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FPA calls for repeal of safe harbour provisions for best interests duty

Sarah Kendell
19 January 2021 — 1 minute read

The FPA has urged the repeal of the best interest duty safe harbour provisions as part of a move to “principles-based regulation” in the advice industry.

In its submission to ASIC’s consultation on affordable advice, the association said the repeal of the safe harbour provisions within the Corporations Act would act as a means of “simplifying compliance and promoting a principles-based approach to regulation”.

The FPA pointed out that this was consistent with recommendation 2.3 of the royal commissions final report, which said the safe harbour provisions should be repealed following a review of advice regulation by ASIC in 2022, if there was no “clear justification” for retaining the provisions.


Licensees have suggested the provisions are a key barrier to allowing the delivery of compliant scaled advice, with Lifespan Financial Planning chief executive Eugene Ardino previously commenting that they mandate an “enormous amount of investigation” by advisers regardless of the level of advice requested by the client.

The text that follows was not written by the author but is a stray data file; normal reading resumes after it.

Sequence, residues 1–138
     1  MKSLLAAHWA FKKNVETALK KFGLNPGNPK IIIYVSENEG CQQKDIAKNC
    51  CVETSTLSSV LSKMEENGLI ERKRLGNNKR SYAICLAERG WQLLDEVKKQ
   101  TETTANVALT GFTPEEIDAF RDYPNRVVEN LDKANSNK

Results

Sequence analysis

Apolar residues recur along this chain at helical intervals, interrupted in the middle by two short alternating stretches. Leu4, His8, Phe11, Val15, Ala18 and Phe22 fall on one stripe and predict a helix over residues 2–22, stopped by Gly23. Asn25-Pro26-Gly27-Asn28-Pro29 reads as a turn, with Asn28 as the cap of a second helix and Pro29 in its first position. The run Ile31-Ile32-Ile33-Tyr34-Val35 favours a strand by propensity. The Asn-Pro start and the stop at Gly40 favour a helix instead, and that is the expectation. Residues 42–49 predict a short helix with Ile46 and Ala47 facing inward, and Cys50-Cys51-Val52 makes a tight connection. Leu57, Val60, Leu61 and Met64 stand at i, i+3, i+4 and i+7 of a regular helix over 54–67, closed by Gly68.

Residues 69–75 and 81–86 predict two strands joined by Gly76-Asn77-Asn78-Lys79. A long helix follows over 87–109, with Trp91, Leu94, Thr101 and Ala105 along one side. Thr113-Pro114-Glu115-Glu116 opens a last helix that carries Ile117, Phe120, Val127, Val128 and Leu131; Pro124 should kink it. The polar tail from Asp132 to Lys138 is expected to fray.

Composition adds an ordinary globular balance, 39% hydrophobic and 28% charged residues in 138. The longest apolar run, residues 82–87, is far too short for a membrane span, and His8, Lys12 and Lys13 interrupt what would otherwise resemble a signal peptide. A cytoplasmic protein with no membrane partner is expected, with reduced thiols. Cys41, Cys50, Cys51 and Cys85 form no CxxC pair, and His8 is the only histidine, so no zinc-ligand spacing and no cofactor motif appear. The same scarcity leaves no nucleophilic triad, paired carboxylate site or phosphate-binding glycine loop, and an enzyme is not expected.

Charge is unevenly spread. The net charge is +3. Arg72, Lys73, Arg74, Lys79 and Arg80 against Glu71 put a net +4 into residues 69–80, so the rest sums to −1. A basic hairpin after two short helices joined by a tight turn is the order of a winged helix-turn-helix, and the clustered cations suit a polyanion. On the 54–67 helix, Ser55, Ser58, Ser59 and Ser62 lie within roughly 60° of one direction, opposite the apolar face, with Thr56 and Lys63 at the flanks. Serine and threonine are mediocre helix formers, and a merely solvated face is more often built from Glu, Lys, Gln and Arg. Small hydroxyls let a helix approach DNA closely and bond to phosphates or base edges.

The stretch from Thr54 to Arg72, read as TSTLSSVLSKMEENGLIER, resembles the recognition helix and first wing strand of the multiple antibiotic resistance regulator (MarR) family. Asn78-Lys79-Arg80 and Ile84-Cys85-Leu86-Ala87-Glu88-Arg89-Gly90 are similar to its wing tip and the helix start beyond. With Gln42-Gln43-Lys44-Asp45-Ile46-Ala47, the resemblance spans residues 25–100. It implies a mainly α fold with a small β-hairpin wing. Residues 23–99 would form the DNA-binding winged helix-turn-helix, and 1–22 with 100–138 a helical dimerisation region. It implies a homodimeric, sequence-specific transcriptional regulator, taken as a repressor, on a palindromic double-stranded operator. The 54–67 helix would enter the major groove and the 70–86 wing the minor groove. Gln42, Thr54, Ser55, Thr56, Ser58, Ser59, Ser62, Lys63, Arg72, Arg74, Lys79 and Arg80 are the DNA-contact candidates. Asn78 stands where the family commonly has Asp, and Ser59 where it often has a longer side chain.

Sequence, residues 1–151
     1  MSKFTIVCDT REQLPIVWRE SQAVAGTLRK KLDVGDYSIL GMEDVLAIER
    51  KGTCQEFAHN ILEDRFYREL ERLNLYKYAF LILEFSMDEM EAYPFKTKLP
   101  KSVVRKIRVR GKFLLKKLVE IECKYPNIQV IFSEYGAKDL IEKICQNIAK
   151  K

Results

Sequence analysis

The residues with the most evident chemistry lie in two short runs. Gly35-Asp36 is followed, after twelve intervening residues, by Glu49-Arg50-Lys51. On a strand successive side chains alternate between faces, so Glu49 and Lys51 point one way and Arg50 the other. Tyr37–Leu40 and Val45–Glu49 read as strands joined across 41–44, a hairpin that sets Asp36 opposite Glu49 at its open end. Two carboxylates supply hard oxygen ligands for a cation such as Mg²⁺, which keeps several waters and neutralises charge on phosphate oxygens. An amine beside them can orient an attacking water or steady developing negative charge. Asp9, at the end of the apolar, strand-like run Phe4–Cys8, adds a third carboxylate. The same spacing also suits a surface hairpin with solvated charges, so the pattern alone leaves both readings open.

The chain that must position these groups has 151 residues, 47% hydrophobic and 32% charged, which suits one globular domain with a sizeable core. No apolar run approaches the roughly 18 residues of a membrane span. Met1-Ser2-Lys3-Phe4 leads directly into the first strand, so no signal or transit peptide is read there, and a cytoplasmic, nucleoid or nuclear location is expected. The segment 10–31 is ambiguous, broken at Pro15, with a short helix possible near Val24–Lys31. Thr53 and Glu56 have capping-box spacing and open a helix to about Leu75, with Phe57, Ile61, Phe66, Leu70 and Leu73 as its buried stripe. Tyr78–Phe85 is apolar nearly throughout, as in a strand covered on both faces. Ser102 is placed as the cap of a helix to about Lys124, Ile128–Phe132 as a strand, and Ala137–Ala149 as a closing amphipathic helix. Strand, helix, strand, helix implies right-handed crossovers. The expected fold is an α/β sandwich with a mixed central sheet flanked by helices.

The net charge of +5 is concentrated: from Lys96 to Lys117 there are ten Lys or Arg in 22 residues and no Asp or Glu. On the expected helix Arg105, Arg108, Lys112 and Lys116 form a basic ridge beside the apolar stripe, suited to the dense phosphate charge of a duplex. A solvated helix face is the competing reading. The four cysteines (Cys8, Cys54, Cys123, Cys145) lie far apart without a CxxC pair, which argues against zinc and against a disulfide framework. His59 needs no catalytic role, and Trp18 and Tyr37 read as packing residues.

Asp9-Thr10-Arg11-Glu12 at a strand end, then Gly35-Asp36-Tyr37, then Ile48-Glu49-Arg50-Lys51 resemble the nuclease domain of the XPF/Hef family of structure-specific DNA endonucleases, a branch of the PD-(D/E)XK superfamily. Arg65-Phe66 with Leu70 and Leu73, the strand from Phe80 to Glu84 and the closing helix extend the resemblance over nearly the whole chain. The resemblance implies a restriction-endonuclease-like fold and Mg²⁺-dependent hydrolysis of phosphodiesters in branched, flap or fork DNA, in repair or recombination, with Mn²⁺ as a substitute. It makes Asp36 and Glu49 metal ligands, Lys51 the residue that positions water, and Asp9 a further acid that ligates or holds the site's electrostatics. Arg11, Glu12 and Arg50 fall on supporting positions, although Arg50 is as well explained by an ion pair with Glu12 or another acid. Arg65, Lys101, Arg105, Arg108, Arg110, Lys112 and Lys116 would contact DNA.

“Acting in the best interest of the client is not good enough, you’ve got to be able to prove by documentary evidence that you’ve met BID and the only way you are able to do that with certainty is follow safe harbour, which requires an enormous amount of investigation, research and documentary evidence,” Mr Ardino said.

“You can’t discard things that seem obvious from experience. You’ve got to document why you’ve discarded it; otherwise, an auditor may pick you up on that. All it means is advisers, there is no exception, you have to abide by these rules or the consequences are quite serious.”

The FPA said the repeal of the provisions should “be combined with other efforts to reduce duplication and overlap in financial advice regulation”.

“For example, financial planners are currently expected to comply with three distinct ‘best interest’ duties which are each expressed slightly differently and only one of which has a safe harbour provision,” the association said.

“The FPA has called for a single set of standards to apply to financial planners and, as an interim step, supports better alignment of the existing standards.”

FPA calls for repeal of safe harbour provisions for best interests duty
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